Down in Little Canada, nestled in the cranny behind a McDonald’s restaurant just off Highway 36, Planned Parenthood of Minnesota quietly opened the doors of a new clinic that will provide cancer screenings and pap smears, HPV vaccinations, breast exams and birth control.
Over the next year, about 8,000 women who rely on Planned Parenthood as their main source of healthcare will pass through the doors. Many of them will step straight off the bus at Rice Street and Minnesota Avenue. Some will ride down from nearby Century College. For residents of the immediate neighborhood, where 70 percent of people need some sort of low-income support for healthcare, the clinic's opening means shorter lines for basic services.
Octogenarians Ray and Le Schreurs normally volunteer their time fighting through crowds of anti-abortion protesters to escort patients to their doctors. Le leads the way; Ray, who has a harder time controlling his anger, follows behind.
"They'd yell things like, 'Old man, you're going to die pretty soon. What are you going to say to St. Peter when you get up there?'" Ray recalls. He'd wear headphones to tune out the prayer bead-brandishing agitators, mostly hired help working for local ministers. The majority of the patients they'd escort up to the clinic don't even need abortions, he points out. But even when it comes to the three percent who do, "They have no idea what goes on inside a woman if she makes the choice for abortion."
The Rice Street clinic won't perform abortions.
Hanna Hockberger, Sydney Spreck and Sarah Legried are all Planned Parenthood patients. Aged 19-21, they're armed to the teeth with birth control — IUDs in the uterus, implants in the arms. With sex education in schools often leaving much to the imagination, the women turned to Planned Parenthood for pregnancy prevention measures beyond abstinence and condoms.
Spreck, who recently graduated from Stillwater High School, says her relatively wealthy, conservative community provided her with a fairly mediocre sex ed experience. "If somebody got pregnant, they would just disappear from school and then nobody would know," she says. "You're left to wonder, 'Did they get pregnant? Did they go to rehab?'"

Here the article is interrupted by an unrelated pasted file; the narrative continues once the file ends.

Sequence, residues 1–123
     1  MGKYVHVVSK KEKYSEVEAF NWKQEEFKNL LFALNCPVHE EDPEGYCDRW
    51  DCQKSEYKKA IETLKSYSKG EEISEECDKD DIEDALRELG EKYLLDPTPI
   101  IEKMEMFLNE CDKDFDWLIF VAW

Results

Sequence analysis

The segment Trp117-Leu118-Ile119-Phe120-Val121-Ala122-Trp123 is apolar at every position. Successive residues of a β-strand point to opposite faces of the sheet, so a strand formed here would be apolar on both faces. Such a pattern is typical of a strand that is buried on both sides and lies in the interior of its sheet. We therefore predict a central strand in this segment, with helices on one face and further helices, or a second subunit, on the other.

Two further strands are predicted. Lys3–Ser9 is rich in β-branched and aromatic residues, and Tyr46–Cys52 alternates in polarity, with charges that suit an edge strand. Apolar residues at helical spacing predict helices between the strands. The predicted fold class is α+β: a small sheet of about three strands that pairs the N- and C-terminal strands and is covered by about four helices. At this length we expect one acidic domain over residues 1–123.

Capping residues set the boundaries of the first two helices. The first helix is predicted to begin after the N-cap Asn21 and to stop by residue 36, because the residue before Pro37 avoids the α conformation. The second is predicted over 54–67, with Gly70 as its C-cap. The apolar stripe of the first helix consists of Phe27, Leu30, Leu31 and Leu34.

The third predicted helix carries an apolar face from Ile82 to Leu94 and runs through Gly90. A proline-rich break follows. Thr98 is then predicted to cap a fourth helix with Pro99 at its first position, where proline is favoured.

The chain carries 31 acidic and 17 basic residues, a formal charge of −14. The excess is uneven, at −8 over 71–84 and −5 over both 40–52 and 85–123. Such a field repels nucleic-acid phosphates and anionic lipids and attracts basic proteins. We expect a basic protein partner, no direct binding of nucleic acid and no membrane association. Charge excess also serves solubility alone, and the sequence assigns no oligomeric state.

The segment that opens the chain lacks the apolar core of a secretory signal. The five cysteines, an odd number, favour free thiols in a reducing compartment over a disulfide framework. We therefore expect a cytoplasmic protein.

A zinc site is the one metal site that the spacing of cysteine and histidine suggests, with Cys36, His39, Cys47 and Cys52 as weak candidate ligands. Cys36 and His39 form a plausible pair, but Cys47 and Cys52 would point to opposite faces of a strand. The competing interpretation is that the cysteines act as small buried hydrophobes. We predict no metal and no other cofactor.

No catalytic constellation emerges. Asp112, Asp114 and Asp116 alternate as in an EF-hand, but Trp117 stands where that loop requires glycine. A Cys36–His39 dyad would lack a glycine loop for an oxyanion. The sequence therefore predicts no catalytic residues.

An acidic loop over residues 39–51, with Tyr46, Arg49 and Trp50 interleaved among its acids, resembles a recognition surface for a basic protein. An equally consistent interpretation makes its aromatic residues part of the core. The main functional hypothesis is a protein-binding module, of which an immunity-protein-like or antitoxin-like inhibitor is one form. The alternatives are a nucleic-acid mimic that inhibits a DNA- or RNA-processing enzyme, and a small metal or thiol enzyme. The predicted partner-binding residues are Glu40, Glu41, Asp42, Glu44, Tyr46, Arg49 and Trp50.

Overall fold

With her local family doctor, she felt like she had to make up some excuse just to go on the pill, like claiming to be depressed. She needed the pill to regulate her hormones, she said, when she just didn't want to get pregnant with a child she couldn't possibly raise.
In the midst of a fiery political battle over public funding for Planned Parenthood, CEO Sarah Stoesz made a cursory nod to the highly edited hidden video footage released by the anti-abortion rights group Center for Medical Progress. On the abortion debate, she alluded only to the galvanizing turning point in Planned Parenthood founder Margaret Sanger's career.
Back in 1916, Sanger was a nurse who paid an emergency midnight call to the home of Sadie Sachs, a poor mother who was bleeding to death from a self-induced abortion because she could not feed another child. Sanger was able to help save Sachs that night, but in lieu of birth control, the woman became pregnant again. She died attempting abortion a second time, leaving her children to grow up without a mother.
"Here's what's effectively at the root of this issue. A federal program that paid for 1,400 patients in our former clinic to have their healthcare is being attacked," Stoesz said. "Every year 2.7 million women access healthcare only because of that program. That is what this political debate is about."